Matt tackles a subject very close to his heart. Never be afraid to speak up or reach out for help. Cars can be a great medium we can all use to communicate
would like to start my column off this issue with a proviso, in that the subject will be a bit heavier hitting than usual. As we reach the end of ‘Blue January’ and with life returning to a level of pre-pandemic normality, it seems only right to continue talking about it.
I’m sure you’ll have cottoned on to what the subject is by now, as the terms ‘mental health’ and ‘mental wellbeing’ have been buzzwords thrown around in the last two years by media outlets and in weekly video call meetings. This has raised awareness of the negative, and sometimes fatal issues declining states of mental health can cause. Positive mental health is something we can all foster, by taking time away from our professional obligations in favour of doing things for ourselves.
Good mental health is even more relevant to us in the car community as the people involved are predominantly males. According to the ‘Campaign Against Living Miserably’ (CALM, thecalmzone.net), 125 lives are lost every week to suicide and 75% of all UK suicides are males. Although this statistic is bleak, there is hope as the various outfits combating these issues have grown during lockdown. These campaigns and the people behind them are trying to normalise talking and re-writing the toxic rhetoric of ‘men being men’ and dealing with their problems on their own, afraid to show emotion for fear of showing weakness.
Giving these issues exposure and awareness breaks down the stigmas surrounding them to build better habits in their place and what better way to do this than combine it with passion. Members of the automotive community have recognised this and are building movements with this in mind. People such as Lewis Warren (www.takona.co.uk) and Dan Pendry-Moore (www.sadboiraceclub.co.uk) are leveraging social media and access to large groups of like minded individuals to push this message. Encouraging people to open up, talk more and create a support network that recognises the signs and acts to prevent the worst outcome.
Where do cars come into this then? As we know, they have been found not only to help you get from one place to another quicker than walking, but also having more of a psychological impact on mental wellbeing than ‘non-car people’ might think. This isn’t news to us, seeing as you’re reading this in a (bloody good) car magazine, I’d put money on the fact that cars provide you with an escape, give you a gateway to a community or are simply something to take pride in.
These lovable piles of metal, rubber and plastic are more than just commuter vessels moving people from one place to another, they represent achievement, something to focus our energies on, something to be proud of. These friendship circles and support networks come from a common interest levelling the playing field, whether you’re a 60-year-old millionaire or a 17-year-old just getting your first car, the love for all things automotive connects us.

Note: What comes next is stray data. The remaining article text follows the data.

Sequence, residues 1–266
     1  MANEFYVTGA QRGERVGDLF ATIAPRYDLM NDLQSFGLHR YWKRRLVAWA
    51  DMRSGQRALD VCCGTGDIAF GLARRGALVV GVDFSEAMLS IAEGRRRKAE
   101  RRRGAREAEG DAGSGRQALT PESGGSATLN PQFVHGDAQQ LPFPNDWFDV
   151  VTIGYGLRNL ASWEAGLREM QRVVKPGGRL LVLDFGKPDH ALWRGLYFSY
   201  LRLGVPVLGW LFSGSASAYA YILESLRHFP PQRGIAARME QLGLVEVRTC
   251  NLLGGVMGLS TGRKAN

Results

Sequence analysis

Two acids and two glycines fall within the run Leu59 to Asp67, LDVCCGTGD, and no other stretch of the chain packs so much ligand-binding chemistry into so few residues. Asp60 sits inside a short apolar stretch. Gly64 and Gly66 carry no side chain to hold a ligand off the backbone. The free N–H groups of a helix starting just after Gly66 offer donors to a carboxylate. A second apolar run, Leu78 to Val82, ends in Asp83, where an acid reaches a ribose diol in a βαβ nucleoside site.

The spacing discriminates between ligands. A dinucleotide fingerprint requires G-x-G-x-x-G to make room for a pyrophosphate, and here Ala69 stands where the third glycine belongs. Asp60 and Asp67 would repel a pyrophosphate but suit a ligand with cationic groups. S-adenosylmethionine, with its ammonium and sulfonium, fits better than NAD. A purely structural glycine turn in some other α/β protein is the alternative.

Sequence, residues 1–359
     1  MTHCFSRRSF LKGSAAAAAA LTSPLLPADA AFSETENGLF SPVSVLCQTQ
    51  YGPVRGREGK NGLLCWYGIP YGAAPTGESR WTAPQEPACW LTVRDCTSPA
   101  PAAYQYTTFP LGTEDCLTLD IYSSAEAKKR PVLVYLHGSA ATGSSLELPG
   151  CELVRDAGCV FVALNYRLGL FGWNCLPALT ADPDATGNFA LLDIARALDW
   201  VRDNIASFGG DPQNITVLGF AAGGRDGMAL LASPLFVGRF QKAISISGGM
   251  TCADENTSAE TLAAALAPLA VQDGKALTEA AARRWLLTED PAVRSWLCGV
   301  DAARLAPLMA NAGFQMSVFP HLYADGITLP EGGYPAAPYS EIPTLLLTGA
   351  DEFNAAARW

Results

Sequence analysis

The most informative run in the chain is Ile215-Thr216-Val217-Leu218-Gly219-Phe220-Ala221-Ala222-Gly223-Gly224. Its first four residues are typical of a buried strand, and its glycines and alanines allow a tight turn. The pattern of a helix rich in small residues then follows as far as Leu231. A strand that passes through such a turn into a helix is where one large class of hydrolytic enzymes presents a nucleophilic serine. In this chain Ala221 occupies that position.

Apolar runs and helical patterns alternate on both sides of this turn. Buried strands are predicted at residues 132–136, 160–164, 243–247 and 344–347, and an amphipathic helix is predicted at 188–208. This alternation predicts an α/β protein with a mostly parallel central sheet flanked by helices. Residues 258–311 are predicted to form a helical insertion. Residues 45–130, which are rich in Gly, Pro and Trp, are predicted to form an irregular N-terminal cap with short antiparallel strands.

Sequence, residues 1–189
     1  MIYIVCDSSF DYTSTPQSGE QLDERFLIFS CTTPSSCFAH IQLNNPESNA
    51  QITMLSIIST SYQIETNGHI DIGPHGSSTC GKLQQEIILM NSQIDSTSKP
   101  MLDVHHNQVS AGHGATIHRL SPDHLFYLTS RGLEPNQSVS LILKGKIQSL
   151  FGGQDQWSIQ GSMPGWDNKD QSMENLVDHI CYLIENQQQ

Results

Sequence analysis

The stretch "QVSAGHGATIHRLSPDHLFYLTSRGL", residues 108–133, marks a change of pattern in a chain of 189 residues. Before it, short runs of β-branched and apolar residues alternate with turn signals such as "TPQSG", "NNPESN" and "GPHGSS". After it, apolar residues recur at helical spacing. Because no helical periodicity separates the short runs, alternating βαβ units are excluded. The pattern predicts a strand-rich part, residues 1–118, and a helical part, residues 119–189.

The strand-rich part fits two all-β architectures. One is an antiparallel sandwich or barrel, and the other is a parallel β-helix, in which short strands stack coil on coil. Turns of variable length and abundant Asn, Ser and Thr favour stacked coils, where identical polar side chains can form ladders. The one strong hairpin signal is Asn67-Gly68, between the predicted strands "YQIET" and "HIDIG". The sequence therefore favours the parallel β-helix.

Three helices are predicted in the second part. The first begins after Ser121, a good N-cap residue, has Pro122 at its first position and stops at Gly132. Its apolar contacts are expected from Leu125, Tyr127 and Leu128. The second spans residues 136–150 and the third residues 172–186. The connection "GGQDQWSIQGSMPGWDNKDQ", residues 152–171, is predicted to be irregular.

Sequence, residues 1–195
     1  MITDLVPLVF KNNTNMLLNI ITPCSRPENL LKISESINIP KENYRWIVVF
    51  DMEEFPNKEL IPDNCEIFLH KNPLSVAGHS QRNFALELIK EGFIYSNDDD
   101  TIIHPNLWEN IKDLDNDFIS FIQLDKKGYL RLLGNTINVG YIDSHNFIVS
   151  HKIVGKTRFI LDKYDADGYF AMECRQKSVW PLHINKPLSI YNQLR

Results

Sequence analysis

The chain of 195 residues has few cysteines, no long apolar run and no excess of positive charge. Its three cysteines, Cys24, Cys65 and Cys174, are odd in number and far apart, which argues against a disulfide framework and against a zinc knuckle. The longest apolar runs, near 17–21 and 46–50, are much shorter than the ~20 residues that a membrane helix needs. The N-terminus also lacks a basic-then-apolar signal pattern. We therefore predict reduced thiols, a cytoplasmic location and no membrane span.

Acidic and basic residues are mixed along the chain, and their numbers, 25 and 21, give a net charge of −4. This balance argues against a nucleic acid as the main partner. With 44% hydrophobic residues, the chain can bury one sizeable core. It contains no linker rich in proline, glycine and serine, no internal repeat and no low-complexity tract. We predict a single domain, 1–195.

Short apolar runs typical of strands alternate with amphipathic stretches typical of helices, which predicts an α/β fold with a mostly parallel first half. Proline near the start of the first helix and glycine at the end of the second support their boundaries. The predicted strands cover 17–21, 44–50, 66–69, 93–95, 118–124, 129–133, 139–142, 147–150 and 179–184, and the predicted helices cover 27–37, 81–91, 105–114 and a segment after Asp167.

The act of driving, for some people is a mundane chore, something they have to do when others see the journey as the destination and revel in improving their skills at it. Driving is a task, when done properly, that is just challenging enough to demand concentration and achievable enough to keep focus, for many of us it is an easy way to slip into a state of flow.
Cars are an excellent form of expression too, as seen in countries like Japan, America and the UK. If we can’t afford to customize in real life, we do it virtually or on a smaller scale with models or RC cars. Cars can be collectables, something to strive for, motivation to get up and earn and if we are not old/financial well off enough to do it with life size ones, we go smaller (I’m writing this sat next to my humble but sizeable Hot Wheels collection), there is always a level to get involved with cars. Above all else, cars give us a thrill, they get the adrenaline flowing, heart racing, blood pumping, the call of the accelerator is too great to ignore and taking a drive down some twisty back roads is a glorious way to clear your head of life’s numerous nagging responsibilities, if only for a moment.
The benefits of car culture for those that invest time and effort into it are clear and the stellar work of people like Dan and Lewis is applauded and encouraged by all those from in and out of the ‘scene’. As it is on a smaller scale, from the friends and contacts you’ve personally made from car related ventures, every time you send a car video, speak to someone at a show or like a build on social, you add positive value to this community we are all trying to foster. Let’s continue to normalise speaking out about our feelings and checking in on our friends regularly, take time for yourself, go for a drive, clean your car, fix that oil leak, now is the time to lean into your passion to ensure your mental health is kept in check.